The American Reader: Words That Moved a Nation
Harper Collins, 2000年9月5日 - 656 頁
The American Reader is a stirring and memorable anthology that captures the many facets of American culture and history in prose and verse. The 200 poems, speeches, songs, essays, letters, and documents were chosen both for their readability and for their significance. These are the words that have inspired, enraged, delighted, chastened, and comforted Americans in days gone by. Gathered here are the writings that illuminate -- with wit, eloquence, and sometimes sharp words -- significant aspects of national conciousness. They reflect the part that all Americans -- black and white, native born and immigrant, Hispanic, Asian, and Native American, poor and wealthy -- have played in creating the nation's character.
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JOE HILL: The Preacher and the Slave JOYCE KILMER: Trees WOODROW
WILSON: The New Freedom 385 387 388 WILLIAM MONROETROTTER: Protest
to President Wilson 394 CALVIN COOLIDGE: Statement of Principles ...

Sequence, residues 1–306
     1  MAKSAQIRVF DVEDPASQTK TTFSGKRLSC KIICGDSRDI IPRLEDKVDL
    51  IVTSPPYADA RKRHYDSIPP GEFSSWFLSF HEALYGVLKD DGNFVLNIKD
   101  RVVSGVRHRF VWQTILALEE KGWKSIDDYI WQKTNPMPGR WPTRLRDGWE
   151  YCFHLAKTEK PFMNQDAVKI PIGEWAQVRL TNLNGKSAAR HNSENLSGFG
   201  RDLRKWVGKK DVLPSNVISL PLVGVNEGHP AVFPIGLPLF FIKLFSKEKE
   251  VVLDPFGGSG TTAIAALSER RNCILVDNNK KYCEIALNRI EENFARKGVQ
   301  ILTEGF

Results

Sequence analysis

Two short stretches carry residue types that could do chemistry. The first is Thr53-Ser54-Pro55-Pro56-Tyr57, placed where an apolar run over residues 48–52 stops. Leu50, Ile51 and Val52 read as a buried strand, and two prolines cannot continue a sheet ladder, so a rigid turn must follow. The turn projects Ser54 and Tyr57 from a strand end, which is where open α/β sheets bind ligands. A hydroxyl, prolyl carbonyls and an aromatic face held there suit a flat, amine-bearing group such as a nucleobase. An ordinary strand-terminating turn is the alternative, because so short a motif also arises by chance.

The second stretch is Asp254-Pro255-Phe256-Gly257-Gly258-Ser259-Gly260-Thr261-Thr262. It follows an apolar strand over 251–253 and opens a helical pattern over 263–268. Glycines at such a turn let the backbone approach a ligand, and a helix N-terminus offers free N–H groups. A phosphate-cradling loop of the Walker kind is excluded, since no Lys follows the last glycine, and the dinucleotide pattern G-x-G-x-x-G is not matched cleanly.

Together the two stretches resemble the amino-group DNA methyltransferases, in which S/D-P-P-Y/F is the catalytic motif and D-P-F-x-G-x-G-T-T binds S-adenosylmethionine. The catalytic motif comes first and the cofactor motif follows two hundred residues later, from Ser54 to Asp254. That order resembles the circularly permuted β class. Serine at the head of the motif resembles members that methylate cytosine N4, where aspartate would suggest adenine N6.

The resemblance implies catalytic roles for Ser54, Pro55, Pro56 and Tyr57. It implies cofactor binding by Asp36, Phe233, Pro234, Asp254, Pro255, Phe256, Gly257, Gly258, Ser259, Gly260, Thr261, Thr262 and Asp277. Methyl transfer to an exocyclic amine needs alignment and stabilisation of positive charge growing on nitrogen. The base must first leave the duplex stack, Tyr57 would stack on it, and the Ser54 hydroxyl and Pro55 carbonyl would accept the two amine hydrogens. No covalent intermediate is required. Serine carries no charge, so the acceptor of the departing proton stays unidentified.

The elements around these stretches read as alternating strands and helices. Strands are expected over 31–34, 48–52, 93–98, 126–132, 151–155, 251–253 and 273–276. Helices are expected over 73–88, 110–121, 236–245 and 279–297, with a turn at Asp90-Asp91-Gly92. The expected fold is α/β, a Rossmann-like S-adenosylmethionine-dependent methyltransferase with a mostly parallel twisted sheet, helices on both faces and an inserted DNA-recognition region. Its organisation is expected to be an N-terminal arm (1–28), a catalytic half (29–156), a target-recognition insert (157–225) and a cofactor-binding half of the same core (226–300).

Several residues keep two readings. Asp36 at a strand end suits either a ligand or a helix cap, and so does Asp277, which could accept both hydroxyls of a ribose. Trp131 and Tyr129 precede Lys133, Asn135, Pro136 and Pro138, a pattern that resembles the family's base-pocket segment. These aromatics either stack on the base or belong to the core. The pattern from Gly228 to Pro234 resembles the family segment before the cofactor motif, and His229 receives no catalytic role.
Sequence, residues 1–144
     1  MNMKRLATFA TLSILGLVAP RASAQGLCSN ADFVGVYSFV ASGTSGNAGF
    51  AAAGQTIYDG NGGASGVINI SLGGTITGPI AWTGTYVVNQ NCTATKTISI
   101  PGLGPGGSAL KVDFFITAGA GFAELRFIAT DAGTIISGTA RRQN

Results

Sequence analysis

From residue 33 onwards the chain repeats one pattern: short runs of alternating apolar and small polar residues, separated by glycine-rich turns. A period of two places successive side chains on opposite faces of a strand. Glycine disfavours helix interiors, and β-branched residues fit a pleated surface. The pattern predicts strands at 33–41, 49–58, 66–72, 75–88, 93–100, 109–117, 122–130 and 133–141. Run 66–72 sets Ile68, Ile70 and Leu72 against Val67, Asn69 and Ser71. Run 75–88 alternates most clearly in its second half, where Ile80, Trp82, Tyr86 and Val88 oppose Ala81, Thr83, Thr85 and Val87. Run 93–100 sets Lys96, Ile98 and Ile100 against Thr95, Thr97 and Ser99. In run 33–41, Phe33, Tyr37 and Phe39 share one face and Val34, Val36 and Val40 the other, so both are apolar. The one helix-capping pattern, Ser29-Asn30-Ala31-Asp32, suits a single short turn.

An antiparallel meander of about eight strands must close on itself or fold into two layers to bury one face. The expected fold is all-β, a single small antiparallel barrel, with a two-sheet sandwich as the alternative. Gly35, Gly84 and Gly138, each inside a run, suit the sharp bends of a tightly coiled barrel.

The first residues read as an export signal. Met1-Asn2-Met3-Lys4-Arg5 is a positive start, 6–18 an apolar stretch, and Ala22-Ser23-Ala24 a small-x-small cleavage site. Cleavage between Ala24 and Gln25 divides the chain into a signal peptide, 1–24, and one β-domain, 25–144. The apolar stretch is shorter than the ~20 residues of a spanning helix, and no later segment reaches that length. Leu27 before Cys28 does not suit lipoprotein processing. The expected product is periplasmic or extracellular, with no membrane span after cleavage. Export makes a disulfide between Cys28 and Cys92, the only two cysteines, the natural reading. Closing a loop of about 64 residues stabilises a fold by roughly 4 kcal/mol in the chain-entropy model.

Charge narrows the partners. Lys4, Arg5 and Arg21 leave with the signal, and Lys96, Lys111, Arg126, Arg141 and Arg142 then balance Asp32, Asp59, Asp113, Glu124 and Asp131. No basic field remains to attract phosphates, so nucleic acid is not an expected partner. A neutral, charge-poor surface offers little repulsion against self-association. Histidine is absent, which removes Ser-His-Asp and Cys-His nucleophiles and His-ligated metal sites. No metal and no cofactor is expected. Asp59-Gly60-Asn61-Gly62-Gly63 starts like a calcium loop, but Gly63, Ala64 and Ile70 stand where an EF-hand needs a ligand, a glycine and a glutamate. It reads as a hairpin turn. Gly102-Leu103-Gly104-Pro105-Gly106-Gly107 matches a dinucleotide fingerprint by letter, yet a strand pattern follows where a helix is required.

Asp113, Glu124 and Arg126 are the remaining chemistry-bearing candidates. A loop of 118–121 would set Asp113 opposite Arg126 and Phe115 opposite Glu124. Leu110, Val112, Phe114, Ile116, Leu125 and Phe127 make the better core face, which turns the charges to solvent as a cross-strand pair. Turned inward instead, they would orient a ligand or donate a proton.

... a member of the committee with Thomas Jefferson that wrote the Declaration of
Independence. Adams was the first vice-president of the United States and was
then elected president (1797–1801); he was defeated for the presidency in 1800
When he ran for president in 1800, he and Aaron Burr received equal numbers of
electoral votes, and the House of Representatives chose Jefferson as president.
Jefferson wrote that the Declaration of Independence was "an appeal to the ...
Over the years—as John Adams attended the Continental Congress, or served
abroad in diplomatic assignments or as vice-president and president—Abigail
Adams wrote letters to family and friends, describing the life about her. Not only
—Albert Shanker, former president, American Federation of Teachers DIANE
RAVITCH, a historian of education, is Research Professor at New York University
, holds the Brown Chair in Education Studies at the Brookings Institution, and is a